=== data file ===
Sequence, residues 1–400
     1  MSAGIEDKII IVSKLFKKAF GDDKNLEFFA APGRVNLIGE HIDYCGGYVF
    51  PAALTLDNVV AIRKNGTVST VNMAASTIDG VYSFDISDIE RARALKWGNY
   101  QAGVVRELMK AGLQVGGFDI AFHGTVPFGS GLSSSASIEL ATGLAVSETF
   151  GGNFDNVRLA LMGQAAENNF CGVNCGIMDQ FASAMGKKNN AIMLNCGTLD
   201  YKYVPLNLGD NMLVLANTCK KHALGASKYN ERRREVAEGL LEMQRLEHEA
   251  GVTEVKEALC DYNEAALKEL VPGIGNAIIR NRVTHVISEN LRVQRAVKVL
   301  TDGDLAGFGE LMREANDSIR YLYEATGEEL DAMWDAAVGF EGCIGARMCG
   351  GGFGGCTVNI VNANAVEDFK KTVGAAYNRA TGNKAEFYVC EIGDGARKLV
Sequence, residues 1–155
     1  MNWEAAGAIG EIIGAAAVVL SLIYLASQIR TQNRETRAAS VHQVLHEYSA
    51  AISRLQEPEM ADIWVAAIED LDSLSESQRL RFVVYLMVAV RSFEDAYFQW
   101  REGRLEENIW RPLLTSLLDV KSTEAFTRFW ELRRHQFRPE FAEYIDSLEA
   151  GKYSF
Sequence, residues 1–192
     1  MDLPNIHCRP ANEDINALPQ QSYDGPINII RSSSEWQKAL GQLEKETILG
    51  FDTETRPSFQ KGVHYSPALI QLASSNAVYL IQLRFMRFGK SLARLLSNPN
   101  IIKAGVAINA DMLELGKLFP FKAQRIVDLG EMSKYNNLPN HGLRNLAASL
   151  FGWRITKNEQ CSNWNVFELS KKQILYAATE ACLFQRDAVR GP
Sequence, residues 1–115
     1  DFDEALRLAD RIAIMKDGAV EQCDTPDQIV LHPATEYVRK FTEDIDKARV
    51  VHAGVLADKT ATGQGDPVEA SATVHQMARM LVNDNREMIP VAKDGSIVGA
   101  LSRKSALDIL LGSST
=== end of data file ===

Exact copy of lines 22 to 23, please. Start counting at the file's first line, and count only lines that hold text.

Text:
    51  VHAGVLADKT ATGQGDPVEA SATVHQMARM LVNDNREMIP VAKDGSIVGA
   101  LSRKSALDIL LGSST